|Matthew Henry's Concise Commentary|
11:1 The first verse of this chapter seems properly to be the close to the last. The apostle not only preached such doctrine as they ought to believe, but led such a life as they ought to live. Yet Christ being our perfect example, the actions and conduct of men, as related in the Scriptures, should be followed only so far as they are like to his.
Verse 1. - Followers of me; rather, imitators of me; follow herein my example, as I follow Christ's. What Christ's example was, in that he too "pleased not himself," he sets forth in Romans 15:1-3; and the general principle of self abnegation for the sake of others in Philippians 2:4-8. This verse ought to be included in ch. 10. It sums up the whole argument, and explains the long digression of ch. 9. As I also am of Christ. This limits the reference to his own example. I only ask you to imitate me in points in which I imitate Christ.
Gill's Exposition of the Entire Bible
Be ye followers of me, even as I also am of Christ. &c. These words more properly close the preceding chapter, than begin a new one, and refer to the rules therein laid down, and which the apostle would have the Corinthians follow him in, as he did Christ: that as he sought, both in private and public, and more especially in his ministerial service, to do all things to the glory of God, and not for his own popular applause, in which he imitated Christ, who sought not his own glory, but the glory of him that sent him; so he would have them do all they did in the name of Christ, and to the glory of God by him: and that as he studied to exercise a conscience void of offence to God and man, in doing which he was a follower of Christ, who was holy in his nature, and harmless and inoffensive in his conversation; so he was desirous that they should likewise be blameless, harmless, and without offence until the day of Christ: and that whereas he endeavoured to please men in all things lawful and indifferent, wherein he copied after Christ, who by his affable and courteous behaviour, and humble deportment, sought to please and gratify all with whom he conversed; so he would have them not to mind high things, but condescend to men of low estates, and become all things to all, that they might gain some as he did: and once more, that as he sought not his own pleasure and advantage, but the salvation of others, in imitation of Christ, who pleased not himself, but took upon him, and bore cheerfully, the reproaches of men, that he might procure good for them; so the apostle suggests, that it would be right in them not to seek to have their own wills in every thing, but rather to please their neighbour for good to edification.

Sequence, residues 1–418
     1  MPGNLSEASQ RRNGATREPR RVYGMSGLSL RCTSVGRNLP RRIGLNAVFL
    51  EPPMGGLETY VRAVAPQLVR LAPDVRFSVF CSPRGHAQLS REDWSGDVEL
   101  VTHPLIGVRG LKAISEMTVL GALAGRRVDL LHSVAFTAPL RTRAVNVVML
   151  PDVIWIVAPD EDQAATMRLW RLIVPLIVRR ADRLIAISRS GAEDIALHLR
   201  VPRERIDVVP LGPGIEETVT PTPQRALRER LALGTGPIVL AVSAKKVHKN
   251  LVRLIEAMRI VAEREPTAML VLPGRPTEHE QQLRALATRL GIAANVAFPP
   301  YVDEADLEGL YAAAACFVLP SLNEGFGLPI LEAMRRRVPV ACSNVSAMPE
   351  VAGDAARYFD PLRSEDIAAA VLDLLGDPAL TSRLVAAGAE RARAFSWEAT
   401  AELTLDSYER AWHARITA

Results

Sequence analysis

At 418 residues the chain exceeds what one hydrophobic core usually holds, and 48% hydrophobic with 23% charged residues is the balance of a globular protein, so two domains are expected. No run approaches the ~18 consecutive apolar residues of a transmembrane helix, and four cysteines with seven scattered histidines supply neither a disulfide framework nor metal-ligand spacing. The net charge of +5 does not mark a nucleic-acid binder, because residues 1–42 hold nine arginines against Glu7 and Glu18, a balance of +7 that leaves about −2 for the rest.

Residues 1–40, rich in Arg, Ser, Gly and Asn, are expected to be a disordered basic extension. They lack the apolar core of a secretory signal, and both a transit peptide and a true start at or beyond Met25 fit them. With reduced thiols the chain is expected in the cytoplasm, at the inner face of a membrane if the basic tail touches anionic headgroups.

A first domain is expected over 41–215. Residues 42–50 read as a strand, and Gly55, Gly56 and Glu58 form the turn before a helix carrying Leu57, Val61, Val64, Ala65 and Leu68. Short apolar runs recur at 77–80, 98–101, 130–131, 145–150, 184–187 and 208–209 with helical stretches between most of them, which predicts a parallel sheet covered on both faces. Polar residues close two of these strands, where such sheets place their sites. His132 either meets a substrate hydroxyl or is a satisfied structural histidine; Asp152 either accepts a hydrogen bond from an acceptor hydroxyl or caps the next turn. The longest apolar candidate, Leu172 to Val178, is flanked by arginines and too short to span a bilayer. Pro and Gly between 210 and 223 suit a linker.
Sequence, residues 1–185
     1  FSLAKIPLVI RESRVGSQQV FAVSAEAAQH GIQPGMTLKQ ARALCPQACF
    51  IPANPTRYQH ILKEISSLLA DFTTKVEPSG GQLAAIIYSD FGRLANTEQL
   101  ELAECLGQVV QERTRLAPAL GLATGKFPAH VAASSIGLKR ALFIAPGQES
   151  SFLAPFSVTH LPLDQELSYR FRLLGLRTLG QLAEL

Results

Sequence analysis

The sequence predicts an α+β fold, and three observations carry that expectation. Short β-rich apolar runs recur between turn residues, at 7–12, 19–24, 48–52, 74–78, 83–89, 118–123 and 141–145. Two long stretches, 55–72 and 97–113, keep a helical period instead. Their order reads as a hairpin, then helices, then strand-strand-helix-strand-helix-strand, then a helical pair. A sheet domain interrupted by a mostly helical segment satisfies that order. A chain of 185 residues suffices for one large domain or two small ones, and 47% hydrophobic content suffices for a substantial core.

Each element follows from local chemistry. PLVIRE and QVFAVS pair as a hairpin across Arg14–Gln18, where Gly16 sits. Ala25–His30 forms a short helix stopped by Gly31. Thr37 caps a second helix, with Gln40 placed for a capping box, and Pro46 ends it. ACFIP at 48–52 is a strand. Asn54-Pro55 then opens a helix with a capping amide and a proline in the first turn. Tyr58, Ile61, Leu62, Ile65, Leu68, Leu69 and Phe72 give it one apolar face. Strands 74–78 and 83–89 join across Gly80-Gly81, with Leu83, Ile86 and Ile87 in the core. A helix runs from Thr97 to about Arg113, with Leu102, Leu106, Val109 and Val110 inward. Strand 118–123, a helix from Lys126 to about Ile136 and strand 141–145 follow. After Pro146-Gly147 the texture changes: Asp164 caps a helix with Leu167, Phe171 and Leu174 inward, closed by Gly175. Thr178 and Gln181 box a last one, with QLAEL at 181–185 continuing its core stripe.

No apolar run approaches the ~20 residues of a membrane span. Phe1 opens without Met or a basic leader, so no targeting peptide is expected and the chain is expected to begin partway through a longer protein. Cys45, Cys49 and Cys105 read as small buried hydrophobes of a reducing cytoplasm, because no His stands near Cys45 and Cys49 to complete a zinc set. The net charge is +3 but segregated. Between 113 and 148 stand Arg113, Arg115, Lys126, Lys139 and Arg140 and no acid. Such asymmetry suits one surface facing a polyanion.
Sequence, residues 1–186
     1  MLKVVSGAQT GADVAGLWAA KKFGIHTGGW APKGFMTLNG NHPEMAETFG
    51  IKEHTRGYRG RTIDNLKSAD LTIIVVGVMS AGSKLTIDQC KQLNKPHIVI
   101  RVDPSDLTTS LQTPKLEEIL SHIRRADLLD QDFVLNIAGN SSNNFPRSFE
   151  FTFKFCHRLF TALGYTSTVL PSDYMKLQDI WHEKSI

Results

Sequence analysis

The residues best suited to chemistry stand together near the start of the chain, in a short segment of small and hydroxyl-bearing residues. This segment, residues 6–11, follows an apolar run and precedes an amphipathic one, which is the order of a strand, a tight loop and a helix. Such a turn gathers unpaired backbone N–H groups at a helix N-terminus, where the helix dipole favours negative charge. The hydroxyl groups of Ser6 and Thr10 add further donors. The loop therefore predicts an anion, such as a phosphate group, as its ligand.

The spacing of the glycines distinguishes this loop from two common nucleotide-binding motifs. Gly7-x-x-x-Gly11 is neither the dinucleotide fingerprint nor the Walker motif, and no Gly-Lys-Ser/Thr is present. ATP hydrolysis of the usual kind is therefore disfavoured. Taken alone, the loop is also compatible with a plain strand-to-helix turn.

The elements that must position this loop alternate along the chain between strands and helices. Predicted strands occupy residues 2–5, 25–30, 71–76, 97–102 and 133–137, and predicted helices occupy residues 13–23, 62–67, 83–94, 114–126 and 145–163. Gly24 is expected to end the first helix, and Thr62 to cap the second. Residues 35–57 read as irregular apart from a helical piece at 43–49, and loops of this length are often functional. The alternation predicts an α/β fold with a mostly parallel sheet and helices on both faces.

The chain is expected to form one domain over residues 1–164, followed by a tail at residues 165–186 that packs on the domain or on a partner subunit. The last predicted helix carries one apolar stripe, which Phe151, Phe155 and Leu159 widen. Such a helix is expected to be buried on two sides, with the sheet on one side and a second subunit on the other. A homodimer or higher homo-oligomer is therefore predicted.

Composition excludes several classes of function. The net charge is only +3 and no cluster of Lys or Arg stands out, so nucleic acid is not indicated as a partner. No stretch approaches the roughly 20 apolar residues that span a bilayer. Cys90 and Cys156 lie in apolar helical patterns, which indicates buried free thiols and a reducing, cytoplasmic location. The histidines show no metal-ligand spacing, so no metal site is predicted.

Jamieson-Fausset-Brown Bible Commentary
1Co 11:1-34. Censure on Disorders in Their Assemblies: Their Women Not Being Veiled, and Abuses at the Love-Feasts.
1. Rather belonging to the end of the tenth chapter, than to this chapter.
of Christ—who did not please Himself (Ro 15:3); but gave Himself, at the cost of laying aside His divine glory, and dying as man, for us (Eph 5:2; Php 2:4, 5). We are to follow Christ first, and earthly teachers only so far as they follow Christ.
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